And the shadow of that tree must have stolen, unwatched, over my boots, and crept stealthily across the road, while I lay in deeper shadow still. Ere I see it again, it is already beyond the dyke on the opposite side; there is no more time for trifling. The pace is now persistently forward, though still extremely moderate, for the margin of a summer day is large.

The common lady’s-mantle grows by every dusty roadside down below, washes its flower racemes of dull yellow in every burn that waters the plain.-If it is sometimes hard to see how some plants ever got their popular names, there is no difficulty in this case. When held downwards by its stalk, the leaf is a miniature of a green mantle just taken out of its folds.

Not less familiar, by Highland pathways and stream-sides, is the alpine lady’s-mantle. It is often one of the first of the flowers to tell that the dividing line between lowland and mountain has been crossed. In many places it carpets the glen. The name would seem to have been given to the plain form first, and afterwards applied to that of the hills. The creases or folds have been divided into five little leaflets, which quite take away the appearance of a mantle. The flowers remain the same. In gardens or rockeries it has a tendency to increase the number of leaflets indefinitely.

There are ragged glens, which shoot up a majestic peak here, and are comparatively tame there. The strength of this one lies in its cumulative impressiveness. Nowhere sensational, it is everywhere calmly majestic. It gains upon the spirit by degrees, until it takes full possession. On entering, one feels that he is constantly passing on to something greater. On returning, one feels that he is being let down, so to speak, to the plain.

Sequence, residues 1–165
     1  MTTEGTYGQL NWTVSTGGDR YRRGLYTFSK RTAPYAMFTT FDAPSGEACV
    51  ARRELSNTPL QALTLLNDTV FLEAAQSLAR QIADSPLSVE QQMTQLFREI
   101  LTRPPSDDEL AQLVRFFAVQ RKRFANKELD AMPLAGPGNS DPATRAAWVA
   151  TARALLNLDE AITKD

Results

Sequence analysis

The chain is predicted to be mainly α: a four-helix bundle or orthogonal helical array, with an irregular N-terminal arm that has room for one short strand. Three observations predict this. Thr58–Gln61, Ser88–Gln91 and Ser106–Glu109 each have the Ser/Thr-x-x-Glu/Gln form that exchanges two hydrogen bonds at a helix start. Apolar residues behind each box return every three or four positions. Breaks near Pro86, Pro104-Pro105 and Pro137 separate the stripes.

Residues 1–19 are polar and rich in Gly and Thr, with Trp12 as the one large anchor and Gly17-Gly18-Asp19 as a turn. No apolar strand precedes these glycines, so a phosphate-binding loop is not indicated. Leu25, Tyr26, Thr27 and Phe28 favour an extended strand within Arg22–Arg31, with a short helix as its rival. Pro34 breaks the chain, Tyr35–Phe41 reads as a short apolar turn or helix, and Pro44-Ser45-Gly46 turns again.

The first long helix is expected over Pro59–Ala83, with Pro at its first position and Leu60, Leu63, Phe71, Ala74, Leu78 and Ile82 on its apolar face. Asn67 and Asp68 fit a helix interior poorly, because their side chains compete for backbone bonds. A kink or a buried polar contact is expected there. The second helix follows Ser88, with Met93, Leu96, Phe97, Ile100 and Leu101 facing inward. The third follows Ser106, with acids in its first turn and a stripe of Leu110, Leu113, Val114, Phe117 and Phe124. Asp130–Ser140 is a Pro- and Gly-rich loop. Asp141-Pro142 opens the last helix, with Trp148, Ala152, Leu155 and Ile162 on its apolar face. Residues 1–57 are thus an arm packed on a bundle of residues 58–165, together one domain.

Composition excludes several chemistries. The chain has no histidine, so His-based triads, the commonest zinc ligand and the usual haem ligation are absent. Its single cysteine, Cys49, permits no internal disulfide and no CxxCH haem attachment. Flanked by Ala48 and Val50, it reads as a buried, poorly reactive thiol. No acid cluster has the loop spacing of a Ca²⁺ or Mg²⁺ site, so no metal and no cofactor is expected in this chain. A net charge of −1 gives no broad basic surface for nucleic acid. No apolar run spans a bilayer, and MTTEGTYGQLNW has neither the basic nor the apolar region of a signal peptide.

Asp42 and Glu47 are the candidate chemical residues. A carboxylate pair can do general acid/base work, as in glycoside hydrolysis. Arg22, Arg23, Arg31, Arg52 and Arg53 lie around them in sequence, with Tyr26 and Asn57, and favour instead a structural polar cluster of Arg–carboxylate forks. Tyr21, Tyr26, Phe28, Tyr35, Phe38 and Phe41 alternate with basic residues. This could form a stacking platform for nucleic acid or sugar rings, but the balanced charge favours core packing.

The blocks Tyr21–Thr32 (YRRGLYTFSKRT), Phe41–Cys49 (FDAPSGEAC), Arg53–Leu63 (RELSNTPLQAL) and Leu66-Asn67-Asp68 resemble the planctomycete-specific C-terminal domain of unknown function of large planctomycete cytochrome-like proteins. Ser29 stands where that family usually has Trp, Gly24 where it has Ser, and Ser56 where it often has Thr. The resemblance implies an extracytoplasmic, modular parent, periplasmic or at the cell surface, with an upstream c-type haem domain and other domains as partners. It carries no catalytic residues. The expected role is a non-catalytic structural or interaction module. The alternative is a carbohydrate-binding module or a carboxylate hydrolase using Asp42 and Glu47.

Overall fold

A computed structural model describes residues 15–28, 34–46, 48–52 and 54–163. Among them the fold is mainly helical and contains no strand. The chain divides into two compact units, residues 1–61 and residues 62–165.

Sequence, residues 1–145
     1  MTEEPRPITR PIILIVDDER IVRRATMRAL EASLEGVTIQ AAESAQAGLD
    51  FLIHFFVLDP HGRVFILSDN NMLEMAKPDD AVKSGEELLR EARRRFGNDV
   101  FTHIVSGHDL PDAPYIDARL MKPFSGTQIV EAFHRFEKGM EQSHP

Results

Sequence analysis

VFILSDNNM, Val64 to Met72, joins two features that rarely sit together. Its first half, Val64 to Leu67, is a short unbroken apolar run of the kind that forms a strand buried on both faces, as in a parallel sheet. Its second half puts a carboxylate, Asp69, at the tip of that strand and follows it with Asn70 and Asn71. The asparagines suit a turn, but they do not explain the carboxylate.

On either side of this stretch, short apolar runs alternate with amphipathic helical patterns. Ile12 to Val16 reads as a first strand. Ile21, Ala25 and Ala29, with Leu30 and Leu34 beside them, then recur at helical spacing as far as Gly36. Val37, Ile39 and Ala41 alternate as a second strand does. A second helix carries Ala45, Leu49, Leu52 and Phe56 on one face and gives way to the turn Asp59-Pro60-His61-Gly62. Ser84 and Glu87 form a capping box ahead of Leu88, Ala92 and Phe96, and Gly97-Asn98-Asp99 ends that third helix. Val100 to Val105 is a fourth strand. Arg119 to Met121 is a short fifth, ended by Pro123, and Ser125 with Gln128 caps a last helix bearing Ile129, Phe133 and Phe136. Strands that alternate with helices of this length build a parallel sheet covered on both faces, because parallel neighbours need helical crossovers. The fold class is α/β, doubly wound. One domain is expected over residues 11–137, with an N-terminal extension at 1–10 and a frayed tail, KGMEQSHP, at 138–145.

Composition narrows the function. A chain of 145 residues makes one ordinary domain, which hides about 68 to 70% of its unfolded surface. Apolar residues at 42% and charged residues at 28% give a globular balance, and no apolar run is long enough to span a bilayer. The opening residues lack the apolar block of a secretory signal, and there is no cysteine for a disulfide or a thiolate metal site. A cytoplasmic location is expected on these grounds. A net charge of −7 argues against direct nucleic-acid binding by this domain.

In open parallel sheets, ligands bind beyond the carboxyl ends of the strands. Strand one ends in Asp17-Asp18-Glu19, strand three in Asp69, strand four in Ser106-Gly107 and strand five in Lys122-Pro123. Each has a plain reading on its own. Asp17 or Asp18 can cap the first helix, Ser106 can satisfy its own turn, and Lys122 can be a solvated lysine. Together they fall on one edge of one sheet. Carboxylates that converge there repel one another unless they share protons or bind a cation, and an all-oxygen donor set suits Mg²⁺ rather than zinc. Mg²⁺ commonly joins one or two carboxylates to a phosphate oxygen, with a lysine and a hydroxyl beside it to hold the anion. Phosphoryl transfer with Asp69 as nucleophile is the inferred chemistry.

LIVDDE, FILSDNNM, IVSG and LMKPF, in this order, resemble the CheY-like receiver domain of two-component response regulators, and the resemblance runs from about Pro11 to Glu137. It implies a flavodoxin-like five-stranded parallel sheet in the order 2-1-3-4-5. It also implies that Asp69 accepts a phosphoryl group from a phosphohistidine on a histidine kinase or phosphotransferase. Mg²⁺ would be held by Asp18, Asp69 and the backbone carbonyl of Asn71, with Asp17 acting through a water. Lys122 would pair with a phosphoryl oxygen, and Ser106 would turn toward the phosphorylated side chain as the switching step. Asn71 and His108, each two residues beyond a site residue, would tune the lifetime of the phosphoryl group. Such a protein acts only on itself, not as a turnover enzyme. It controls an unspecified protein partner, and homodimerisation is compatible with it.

A few scattered houses appear, in a magnificent amphitheatre. One must concentrate his attention before he can see them, so little are they in comparison with their surrounding. There I must stay; if anywhere, under a roof. The first cottage is not promising. The door is shut, the chimney smokeless; a black-and-white pig is gardening in the front plot; the knock yields only the echo of an empty house. Never mind! the ground is dry, the heather springy, and I can sleep a mile or two farther on, in the solitude of hills.

A second application is somewhat more successful. There is a room, not in this cottage, but in some older structure behind, of whose accommodation the woman speaks with perfect plainness and a becoming modesty. I follow her to the back premises and up a narrow wooden stair.

The bed is a procrustean concern, in a very tight corner of the wall. The atmosphere is provided by six drying cheeses. On the other hand, the skylight is innocent of glass—a very distinct advantage on such a night. Possibly, much to her surprise, I say it will do. I refrain from telling her that I have put up with worse.

Half an hour afterwards I am climbing the slope. Two tarns overhead are steaming like volcanoes, with craters formed by the surrounding mountains. The day exhalations are being condensed by the nightly fall of temperature. About five hundred feet above my lodging for the night, I lie down to watch the sun dipping behind an elevated horizon, picturesquely broken by the mountain-tops; and the mystic light coming out below.